The agency said the rules show a U.S. commitment to base BSE regulations on internationally-accepted scientific literature and standards set by the World Organization for Animal Health (OIE). The final regulation will allow for the safe trade of bovines and bovine products, while still protecting the U.S. from the introduction of BSE.

“This action will bring our BSE import regulations in line with international standards, which call for countries to base their trade policies on the actual risk of animals or products harboring the disease," said Dr. John Clifford, APHIS deputy administrator and chief veterinary officer.

"Making these changes will further demonstrate to our trading partners our commitment to international standards and sound science, and we are hopeful it will help open new markets and remove remaining restrictions on U.S. products."

Control of imports is just one of several safeguards against BSE. This new rule does not change other measures that are currently in place in the U.S.

For animal health, these measures include the FDA's ruminant-to-ruminant feed ban. A robust BSE surveillance program monitors the health of the U.S. cattle population. Human health is protected by measures that ensure the safety of U.S. beef, the most important of which is the ban on cattle materials that have been shown to carry the BSE agent (known as specified risk materials) from the food supply.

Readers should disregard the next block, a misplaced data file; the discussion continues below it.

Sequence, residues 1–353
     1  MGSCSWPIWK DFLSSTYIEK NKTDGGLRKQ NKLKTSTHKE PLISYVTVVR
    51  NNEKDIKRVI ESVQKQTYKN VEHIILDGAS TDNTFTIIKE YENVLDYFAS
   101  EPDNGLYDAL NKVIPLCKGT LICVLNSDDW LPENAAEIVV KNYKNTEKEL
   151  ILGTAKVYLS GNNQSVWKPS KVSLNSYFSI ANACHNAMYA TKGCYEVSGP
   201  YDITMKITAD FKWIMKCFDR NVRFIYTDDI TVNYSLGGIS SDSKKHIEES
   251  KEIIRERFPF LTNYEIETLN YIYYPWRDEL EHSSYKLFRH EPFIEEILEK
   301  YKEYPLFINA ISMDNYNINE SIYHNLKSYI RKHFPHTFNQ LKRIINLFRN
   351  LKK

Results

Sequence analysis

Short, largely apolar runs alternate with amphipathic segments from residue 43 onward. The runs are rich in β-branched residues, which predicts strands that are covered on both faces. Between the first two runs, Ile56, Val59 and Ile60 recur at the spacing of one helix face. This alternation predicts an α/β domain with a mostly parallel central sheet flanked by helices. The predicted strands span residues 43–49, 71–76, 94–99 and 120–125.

Advertisement

The National Cattlemen’s Beef Association applauded the APHIS rule modifications, citing the trade avenues opened as a result.

“The basis of these import regulations, set on internationally-accepted science and the OIE guidelines, is critical in showing that the U.S. is committed to ensuring trade, unfettered by protectionist motivations, and sends a clear message to our trading partners of the value we place on fair trade,” said Scott George, NCBA president.

In recognition of the strength of these measures in the U.S., the OIE upgraded the U.S. risk classification for BSE to negligible risk in May 2013.

When this rule takes effect, APHIS will use the same criteria and categories that the OIE uses to identify a country’s BSE risk status. APHIS will base its import policy for a particular country on that country’s risk classification as determined by OIE’s risk evaluation.

The rule also allows APHIS to conduct its own assessment when deemed necessary, such as when a country is not yet classified by the OIE for BSE risk and requests that APHIS conduct a risk evaluation using criteria equivalent to that used by OIE.

This action will be published in the Federal Register soon. The rule becomes effective 90 days after publication.

—From USDA APHIS news release